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The Lead

IEA: Global Oil Glut Could Get Worse This Year

February 10, 2016 | by Ryan Bushey, Associate Editor | Comments

The Paris-based International Energy Agency (IEA) released a report on Tuesday indicating the global energy market will continue to have a tough year.

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Obama's Clean Power Plan Hits Wall with Supreme Court

February 10, 2016 3:23 pm | by Greg Watry, Digital Reporter | Comments

On Tuesday, the Supreme Court issued a temporary freeze on the plan’s implementation after a 5-4 majority vote.

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Indian Scientists Study Chunk that Fell From Sky, Killed Man

February 10, 2016 2:43 pm | by Nirmala George, Associated Press | Comments

Scientists are analyzing a small blue object that plummeted from the sky and killed a man in southern India, after authorities said it was a meteorite.

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Climate Change Helps Bats to Spread Their Wings

February 10, 2016 2:40 pm | by Springer | Comments

Climate change is most likely behind the extraordinary spread of a type of vesper bat across Europe over the last four decades. Read more...

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Bacteria are optical objects, each cell acting like a microscopic eyeball or the world's oldest and smallest camera eye. Courtesy of eLife

This Slime Can See

February 10, 2016 9:47 am | by Greg Watry, Digital Reporter | Comments

It’s your classic slime, a green substance that can be found in freshwater lakes and rivers, and coats surrounding rocks. Synechocystis is a type of cyanobacteria, which evolved around 2.7 billion years ago and gleans its energy from the sun via photosynthesis. Though primordial, this bacteria is still revealing its tricks to scientists. And researchers recently discovered it perceives the world in a remarkably similar way to humans.

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Researchers are trying to develop an understanding of how using recycled concrete affects the behavior of reinforced concrete structures so that buildings using large amounts of recycled material can be designed for safety and to serve their intended purp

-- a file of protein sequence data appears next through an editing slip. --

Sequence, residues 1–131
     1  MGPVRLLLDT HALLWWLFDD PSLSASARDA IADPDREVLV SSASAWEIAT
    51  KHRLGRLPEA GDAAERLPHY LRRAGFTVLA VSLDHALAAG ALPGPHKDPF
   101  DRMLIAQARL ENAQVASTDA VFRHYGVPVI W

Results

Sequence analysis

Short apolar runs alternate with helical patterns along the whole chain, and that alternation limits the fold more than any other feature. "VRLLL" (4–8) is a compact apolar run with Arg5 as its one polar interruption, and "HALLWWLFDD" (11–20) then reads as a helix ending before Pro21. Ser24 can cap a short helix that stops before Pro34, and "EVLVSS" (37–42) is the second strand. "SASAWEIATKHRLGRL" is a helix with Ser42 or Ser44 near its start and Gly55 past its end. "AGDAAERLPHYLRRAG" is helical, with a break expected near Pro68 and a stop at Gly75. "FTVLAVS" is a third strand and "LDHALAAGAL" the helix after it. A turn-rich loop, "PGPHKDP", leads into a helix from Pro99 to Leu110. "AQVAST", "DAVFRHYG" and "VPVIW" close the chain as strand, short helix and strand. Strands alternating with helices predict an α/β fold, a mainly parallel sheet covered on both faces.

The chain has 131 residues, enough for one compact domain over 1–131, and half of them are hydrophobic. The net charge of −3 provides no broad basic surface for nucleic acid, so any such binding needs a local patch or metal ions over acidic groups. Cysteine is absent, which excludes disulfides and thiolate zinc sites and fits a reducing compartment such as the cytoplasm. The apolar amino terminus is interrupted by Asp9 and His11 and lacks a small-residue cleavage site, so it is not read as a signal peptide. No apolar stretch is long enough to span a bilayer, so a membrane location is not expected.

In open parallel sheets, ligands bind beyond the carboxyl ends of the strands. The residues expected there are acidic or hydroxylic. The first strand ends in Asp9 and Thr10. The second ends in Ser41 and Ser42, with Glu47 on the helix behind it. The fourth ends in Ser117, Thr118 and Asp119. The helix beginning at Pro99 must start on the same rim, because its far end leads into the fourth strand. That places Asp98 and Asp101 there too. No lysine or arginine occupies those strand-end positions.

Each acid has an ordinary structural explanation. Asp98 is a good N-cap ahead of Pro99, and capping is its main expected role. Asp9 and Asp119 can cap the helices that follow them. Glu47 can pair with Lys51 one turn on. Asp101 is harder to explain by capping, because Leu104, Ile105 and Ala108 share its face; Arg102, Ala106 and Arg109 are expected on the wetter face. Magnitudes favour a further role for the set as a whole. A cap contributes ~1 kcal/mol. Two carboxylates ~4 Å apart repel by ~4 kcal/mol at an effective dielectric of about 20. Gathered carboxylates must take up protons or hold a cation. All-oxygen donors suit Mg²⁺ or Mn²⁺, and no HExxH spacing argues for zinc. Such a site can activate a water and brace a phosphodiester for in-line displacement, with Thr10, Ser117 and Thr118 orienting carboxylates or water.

Why not recycled concrete?

February 9, 2016 5:13 pm | by William G. Gilroy, University of Notre Dame | Comments

From paper towels to cups to plastic bottles, products made from recycled materials permeate our lives. One notable exception is building materials. Why can’t we recycle concrete from our deteriorating infrastructure for use as material in new buildings and bridges? It’s a question that a team of researchers is examining. The biggest barrier to using recycled concrete has been variability and uncertainty in the quality and properties...

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(Left) The metasurface composed of a perforated plate (transparent gray region) with a hole and a coiled coplanar air chamber (yellow region). (right) The absorption coefficient, α, of the presented metasurface with a total absorption at 125.8 Hz. Results

Absorbing acoustics with soundless spirals

February 9, 2016 5:06 pm | by American Institute of Physics | Comments

Researchers at the French National Centre for Scientific Research, CNRS, and the University of Lorraine have recently developed a design for a coiled-up acoustic metasurface that can achieve total acoustic absorption in very low-frequency ranges. The researchers designed an acoustic absorber in which sound waves enter an internal coiled air channel through a perforated center hole.

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The figure shows how a small, elongated drop of quark-gluon plasma is formed when two atomic nuclei hit each other a bit off center. The angular distribution of the emitted particles makes it possible to determine the properties of the quark-gluon plasma,

Universe’s primordial soup flowing at CERN

February 9, 2016 4:57 pm | by Niels Bohr Institute | Comments